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  • Dr. Eric Rooker

Making S.M.A.R.T Goals


Some of you may have heard me reference S.M.A.R.T goals in our latest podcast. If you didn’t, go checkout latest episode 3 Goals for Any Vet in 2020 for some great ideas about goals for veterinary students, associates or clinic owners!


In that podcast I provided a general overview of three different goals for veterinary practitioners. However, what those goals didn’t cover was how exactly you should design, word and structure your goals for maximum success.


This is where the S.M.A.R.T goals concept comes in. The acronym S.M.A.R.T was first described in literature in 1981 by author George T Doran. Doran described this concept in his landmark paper titled There’s a S.M.A.R.T Way to Write Management Goals and Objectives.


He postulated that goals should be composed of a variation of five factors and that goals needed to be specific, measurable, assignable, relevant and time based. Now later literature would see a change from assignable to attainable but this overall concept was revolutionary when proposed.

By creating a well described desirable outcome using S.M.A.R.T goal setting you are able to formulate the clear path of action you need to undertake to make it happen. A great S.M.A.R.T goal will create a vision for you and help determine the level of performance that will be required to achieve your end goal.

What is S.M.A.R.T?


S.M.A.R.T, as we mentioned above, stands for specific, measurable, achievable, relevant and time-based. Let’s break down exactly what each of these words stand for.


Specific


Specific means that we descriptively envision what this goal will encompass. What exactly do we want to accomplish? What actions will we need to take? Who will do these actions? Where will they be done?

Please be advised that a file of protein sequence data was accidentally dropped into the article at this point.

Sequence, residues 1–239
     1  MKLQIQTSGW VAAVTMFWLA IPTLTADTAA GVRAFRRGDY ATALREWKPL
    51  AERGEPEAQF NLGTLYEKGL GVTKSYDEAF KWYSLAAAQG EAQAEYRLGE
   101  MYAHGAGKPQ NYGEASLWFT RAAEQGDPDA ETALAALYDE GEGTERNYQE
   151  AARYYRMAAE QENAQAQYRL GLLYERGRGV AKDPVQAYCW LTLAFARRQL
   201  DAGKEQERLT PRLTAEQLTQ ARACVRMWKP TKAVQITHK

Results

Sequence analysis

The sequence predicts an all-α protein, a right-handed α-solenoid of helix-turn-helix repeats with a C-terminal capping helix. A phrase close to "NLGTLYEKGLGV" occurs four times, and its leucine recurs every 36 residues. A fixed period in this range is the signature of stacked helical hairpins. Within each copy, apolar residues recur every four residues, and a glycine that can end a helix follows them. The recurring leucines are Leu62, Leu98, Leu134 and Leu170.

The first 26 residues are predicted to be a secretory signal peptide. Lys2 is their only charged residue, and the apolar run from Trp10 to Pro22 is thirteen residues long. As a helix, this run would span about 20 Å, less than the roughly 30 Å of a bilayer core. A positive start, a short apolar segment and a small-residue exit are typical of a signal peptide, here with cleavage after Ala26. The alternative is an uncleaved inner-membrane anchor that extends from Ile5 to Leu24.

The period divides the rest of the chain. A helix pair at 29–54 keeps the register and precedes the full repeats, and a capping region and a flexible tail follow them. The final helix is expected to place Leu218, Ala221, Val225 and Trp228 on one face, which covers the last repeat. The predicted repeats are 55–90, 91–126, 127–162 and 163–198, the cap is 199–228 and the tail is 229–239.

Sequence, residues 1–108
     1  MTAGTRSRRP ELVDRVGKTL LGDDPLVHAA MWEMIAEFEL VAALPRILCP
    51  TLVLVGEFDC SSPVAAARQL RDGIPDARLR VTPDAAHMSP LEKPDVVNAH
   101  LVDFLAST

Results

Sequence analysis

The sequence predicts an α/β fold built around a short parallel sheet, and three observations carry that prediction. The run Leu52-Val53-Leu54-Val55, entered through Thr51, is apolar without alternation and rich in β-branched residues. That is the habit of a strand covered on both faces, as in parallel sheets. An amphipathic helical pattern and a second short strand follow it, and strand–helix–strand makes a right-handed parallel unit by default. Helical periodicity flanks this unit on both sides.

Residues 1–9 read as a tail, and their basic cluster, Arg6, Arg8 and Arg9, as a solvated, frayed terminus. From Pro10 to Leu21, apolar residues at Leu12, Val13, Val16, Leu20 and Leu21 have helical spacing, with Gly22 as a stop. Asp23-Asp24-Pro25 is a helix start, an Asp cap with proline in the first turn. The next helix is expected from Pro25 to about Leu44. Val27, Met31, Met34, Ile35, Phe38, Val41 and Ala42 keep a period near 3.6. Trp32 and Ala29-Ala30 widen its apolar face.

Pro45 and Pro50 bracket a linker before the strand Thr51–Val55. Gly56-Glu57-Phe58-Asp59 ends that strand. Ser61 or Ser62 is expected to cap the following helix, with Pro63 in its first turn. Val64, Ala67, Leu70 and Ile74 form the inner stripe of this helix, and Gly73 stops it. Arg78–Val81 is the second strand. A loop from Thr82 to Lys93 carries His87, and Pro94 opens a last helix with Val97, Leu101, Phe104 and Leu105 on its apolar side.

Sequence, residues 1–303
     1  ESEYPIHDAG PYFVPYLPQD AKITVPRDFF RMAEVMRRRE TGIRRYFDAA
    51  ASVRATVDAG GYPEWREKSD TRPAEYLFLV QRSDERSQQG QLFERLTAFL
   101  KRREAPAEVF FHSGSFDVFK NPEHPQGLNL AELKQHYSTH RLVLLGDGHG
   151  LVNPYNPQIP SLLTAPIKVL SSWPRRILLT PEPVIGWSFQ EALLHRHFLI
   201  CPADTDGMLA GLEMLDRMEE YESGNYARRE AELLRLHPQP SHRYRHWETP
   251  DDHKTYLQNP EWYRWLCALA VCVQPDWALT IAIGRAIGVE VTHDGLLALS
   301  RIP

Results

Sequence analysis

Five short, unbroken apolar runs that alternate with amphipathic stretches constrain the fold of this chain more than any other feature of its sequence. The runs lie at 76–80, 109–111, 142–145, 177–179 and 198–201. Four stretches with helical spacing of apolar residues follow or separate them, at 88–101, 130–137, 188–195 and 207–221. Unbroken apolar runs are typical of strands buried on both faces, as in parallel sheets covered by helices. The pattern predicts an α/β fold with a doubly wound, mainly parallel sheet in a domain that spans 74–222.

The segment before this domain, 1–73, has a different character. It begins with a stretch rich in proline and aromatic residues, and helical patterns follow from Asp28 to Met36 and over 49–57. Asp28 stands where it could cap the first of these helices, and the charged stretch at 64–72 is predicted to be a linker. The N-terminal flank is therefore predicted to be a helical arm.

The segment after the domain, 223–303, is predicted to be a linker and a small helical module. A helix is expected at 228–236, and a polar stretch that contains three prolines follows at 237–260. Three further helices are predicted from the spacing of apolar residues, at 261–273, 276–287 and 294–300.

In this step we want to get as descriptive as possible. Avoid generalities such as; I want to improve, I want to expand or I want to prevent. These terms are too vague and don’t describe the task you wish to take on.


Instead provide things like, exact times you will work, how the work will be accomplished and by whom. Or focus on the exact tasks to be done and what the SOPs for accomplishing them will be.


This step is where you organize your thoughts into a specific cohesive thought pattern and really get down and dirty with what you want to accomplish. This step will probably take the most time out of any of the S.M.A.R.T planning steps but it is also one of the most crucial to overall success.


Measurable


In the measurable step we seek to quantify the outcome you desire. This can be in terms of dollars earned, clients served, events held etc etc. The important part of this step is that it will often act as either a road marker metric along the way to completing the goal OR the actual completion point of the goal.


I recommend that you set measurable goals for set time periods within the complete S.M.A.R.T goal. For example, if you have an annual goal to earn X more dollars in consulting then you want to be sure you earn X/4 each quarter to keep you on track.